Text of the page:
Bob Thomas: Farewell, River City

Well, it’s not really my farewell, but you must admit it does sound theatrical. However, it is farewell to my Nevada Appeal weekly column. As most of you know, I’ve been writing columns off and on (mostly off) for 40 years, and I’ve taken that responsibility quite seriously.

Thinking about all those years brings to mind several editors and publishers with whom I’ve been associated, all different personalities. There have been at least eight editors and six publishers and, of course, all through those changes it was Deputy Editor Sue Morrow who kept the newsroom glued together.

In my earlier years the Appeal was owned by Don Reynolds — Donrey Media Group — which also owned lots of roadside billboards as well as 58 newspapers, including the Las Vegas Review-Journal. The chain was very well-endowed financially and Reynolds was well-known for his foundation’s generosity, including the newest journalism building on the UNR campus.

In the 1990s the biggest change took place when the Swift organization bought the Appeal from Reynolds. Swift also owns several newspapers.

The new publisher was Jeff Ackerman, who was not only the publisher but a great journalist and a dynamite satirical writer. As I mentioned in last week’s column, Ackerman recruited me as a weekly columnist, and he brought with him Editor Barry Smith, currently executive director of the Nevada Press Association.

I ended up writing weekly for Smith-Ackerman much longer than for any other editor-publisher combination, and I must say that the Appeal operated like a well-oiled machine except for the sports section. The sports section fell far short of today’s, but world and national news coverage was much broader then.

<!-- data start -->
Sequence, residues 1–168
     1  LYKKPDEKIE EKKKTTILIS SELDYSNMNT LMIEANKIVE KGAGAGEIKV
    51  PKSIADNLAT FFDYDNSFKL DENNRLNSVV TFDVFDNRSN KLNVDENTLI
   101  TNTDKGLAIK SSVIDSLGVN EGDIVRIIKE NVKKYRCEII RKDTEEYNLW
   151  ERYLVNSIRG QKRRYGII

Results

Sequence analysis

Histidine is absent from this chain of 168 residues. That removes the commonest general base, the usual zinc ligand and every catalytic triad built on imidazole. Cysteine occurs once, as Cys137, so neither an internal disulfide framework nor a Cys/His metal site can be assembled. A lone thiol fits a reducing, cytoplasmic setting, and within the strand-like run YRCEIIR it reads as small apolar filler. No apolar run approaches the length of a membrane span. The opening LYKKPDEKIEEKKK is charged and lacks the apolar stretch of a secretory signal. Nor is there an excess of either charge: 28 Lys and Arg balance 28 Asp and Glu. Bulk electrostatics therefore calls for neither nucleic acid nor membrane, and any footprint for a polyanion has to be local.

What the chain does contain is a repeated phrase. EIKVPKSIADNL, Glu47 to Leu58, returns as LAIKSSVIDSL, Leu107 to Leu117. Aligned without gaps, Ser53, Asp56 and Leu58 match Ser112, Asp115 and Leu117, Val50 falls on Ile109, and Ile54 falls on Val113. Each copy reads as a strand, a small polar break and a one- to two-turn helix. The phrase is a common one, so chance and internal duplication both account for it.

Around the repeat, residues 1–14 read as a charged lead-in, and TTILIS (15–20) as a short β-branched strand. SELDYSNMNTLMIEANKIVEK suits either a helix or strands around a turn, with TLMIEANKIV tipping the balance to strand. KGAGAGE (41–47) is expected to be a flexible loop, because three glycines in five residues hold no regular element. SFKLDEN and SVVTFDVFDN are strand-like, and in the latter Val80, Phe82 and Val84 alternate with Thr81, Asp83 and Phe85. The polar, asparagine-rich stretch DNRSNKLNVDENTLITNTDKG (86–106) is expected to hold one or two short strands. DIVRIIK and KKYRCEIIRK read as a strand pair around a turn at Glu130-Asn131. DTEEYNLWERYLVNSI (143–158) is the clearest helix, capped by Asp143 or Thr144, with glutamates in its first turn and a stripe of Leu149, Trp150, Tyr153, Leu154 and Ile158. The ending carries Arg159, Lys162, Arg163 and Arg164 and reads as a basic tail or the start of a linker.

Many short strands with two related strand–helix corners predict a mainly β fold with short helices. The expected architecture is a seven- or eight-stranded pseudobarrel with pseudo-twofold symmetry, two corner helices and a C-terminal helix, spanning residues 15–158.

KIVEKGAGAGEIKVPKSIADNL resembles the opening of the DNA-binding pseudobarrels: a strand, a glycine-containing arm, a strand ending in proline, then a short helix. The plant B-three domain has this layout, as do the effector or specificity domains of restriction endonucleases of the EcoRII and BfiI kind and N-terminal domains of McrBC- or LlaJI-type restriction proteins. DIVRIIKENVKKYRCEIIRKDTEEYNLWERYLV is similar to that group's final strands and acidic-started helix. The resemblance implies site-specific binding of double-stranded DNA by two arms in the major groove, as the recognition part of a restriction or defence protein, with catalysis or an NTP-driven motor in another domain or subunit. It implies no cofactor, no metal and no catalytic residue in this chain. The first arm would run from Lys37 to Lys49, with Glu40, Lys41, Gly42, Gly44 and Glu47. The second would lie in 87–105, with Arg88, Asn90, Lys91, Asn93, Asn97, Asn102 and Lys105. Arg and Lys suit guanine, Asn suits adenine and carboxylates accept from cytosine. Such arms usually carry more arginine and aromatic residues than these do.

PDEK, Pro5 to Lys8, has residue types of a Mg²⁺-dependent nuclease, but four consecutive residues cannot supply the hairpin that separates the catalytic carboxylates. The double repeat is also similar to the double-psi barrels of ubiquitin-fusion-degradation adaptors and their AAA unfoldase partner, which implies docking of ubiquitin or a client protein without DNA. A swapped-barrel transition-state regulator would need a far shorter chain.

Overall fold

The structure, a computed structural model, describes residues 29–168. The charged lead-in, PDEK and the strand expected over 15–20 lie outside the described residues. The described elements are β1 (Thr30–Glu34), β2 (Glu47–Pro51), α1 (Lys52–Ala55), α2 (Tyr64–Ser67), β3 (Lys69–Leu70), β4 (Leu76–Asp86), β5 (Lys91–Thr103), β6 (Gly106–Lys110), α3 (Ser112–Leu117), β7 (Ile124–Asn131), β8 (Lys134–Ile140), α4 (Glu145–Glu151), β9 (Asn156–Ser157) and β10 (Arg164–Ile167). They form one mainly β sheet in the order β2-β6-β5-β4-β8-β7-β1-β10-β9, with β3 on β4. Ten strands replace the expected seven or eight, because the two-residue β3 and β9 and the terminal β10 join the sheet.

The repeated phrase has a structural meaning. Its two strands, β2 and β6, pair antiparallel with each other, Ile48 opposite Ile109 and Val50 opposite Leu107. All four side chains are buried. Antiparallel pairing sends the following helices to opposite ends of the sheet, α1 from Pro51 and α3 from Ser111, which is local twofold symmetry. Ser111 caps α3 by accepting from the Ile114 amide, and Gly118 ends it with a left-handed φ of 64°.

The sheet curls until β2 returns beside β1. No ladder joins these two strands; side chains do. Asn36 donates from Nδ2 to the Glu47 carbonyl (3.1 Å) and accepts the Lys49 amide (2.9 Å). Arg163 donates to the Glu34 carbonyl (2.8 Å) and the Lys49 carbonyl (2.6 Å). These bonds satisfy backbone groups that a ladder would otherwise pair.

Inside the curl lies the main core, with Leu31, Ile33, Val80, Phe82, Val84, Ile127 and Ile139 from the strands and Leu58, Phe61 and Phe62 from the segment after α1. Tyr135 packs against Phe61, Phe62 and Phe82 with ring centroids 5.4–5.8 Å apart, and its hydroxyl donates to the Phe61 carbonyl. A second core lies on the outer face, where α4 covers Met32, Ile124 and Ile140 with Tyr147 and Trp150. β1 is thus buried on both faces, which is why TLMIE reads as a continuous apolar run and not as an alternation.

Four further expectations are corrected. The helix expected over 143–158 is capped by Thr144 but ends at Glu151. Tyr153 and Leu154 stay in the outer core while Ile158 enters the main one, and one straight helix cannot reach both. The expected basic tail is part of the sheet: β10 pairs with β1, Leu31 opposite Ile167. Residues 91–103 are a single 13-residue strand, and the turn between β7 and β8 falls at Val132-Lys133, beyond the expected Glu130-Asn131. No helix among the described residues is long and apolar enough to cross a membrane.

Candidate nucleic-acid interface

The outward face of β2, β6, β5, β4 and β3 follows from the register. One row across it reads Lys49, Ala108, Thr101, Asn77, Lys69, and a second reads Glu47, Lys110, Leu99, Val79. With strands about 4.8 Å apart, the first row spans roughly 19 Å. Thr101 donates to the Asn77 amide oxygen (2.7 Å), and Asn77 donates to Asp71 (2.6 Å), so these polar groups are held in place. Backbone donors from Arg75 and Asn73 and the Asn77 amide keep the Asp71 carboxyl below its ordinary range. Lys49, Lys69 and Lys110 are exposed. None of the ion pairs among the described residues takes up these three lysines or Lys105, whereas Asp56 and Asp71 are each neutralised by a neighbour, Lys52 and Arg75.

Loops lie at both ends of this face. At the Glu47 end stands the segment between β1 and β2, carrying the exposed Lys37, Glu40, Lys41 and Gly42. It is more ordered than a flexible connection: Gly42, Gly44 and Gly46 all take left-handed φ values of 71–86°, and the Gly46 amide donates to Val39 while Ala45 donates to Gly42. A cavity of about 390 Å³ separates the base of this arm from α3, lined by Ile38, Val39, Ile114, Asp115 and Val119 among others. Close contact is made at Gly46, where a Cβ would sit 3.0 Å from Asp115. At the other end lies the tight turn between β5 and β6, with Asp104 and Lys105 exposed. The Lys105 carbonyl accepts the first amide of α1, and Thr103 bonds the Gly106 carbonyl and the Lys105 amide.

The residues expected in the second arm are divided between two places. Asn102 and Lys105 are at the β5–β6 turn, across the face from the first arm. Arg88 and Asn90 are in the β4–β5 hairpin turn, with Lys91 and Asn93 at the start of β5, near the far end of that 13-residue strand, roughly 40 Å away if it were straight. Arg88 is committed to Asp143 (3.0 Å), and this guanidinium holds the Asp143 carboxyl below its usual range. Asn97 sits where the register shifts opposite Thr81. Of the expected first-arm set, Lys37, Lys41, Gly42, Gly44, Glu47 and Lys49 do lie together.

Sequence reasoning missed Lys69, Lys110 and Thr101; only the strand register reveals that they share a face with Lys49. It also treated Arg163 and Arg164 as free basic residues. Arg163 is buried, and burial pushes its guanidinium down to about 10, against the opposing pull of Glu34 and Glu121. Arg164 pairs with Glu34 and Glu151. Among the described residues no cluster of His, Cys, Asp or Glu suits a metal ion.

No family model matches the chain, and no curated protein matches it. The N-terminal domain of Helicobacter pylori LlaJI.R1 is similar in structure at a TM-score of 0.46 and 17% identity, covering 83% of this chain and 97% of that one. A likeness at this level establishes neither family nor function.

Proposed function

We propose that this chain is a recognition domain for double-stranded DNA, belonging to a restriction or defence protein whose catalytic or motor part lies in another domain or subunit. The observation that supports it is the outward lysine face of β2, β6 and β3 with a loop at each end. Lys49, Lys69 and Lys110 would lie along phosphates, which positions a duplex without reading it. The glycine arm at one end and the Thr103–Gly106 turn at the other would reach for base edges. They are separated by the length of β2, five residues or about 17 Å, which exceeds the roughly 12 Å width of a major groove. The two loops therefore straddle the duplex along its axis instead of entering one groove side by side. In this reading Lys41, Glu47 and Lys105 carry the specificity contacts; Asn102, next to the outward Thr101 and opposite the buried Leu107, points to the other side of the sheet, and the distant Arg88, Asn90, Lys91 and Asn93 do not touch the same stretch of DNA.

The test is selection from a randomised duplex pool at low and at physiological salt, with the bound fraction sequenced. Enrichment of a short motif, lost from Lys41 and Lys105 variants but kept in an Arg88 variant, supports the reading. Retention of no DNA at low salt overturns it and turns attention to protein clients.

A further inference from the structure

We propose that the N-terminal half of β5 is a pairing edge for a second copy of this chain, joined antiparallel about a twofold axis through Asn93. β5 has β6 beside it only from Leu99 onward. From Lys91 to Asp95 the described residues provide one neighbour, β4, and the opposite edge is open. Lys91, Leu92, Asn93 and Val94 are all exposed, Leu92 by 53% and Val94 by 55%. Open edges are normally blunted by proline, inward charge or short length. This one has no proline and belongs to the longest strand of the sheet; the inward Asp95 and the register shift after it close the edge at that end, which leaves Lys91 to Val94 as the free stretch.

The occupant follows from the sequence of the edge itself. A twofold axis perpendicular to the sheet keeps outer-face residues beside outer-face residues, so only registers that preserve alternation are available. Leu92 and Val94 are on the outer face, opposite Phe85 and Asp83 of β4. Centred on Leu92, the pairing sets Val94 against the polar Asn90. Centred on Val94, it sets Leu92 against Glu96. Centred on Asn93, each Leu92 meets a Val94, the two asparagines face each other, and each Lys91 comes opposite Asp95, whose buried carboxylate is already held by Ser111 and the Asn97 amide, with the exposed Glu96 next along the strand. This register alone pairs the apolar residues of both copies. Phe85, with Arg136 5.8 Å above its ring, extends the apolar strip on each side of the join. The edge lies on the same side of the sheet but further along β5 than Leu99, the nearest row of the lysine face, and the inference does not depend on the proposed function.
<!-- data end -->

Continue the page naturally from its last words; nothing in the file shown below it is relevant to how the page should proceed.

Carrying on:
Barry Smith was a good editor but not very sociable. I’d been writing for the paper for a few months and I don’t remember Barry ever saying anything about my columns. In those days we didn’t have email access to the editor. I wrote my columns on standard typed sheets, double spaced, then handed them to Barry. He would look them over, grunt and hand them back to me for delivery into the system via a final typist.

One time Barry took me by surprise when, after looking at my column draft, shoved it back to me and said, “It’s too long; cut it.” This particular essay was dear to my heart and I protested vigorously, saying, “Geez, Barry, it can’t be shortened without losing its impact.” He said, “Wanna bet?” I got the message, took 100 words out of it and to my surprise it read a helluva lot better.

On another occasion, I decided I’d have some fun with Barry. I mentioned that every summer my wife and I took 10 weeks of vacation on our boat. We’d owned a Grand Banks motor yacht for over 24 years and kept her in Canada. Every summer we’d fly to Victoria, hop aboard our boat and cruise the Inside Passage with enough booze to get to Alaska.

I could see Barry’s mind working overtime as he wondered whom to replace me with for 10 weeks, or permanently. Just before it was time to leave, I dropped 10 written columns on his desk, and that’s the only time I ever saw him flustered. He used all 10, and the following summer we did it again.

Yes, I’ve valued writing all these years. I appreciated your letters and took them seriously. I hope you did the same with my columns. God bless.

Cheers, Bob.


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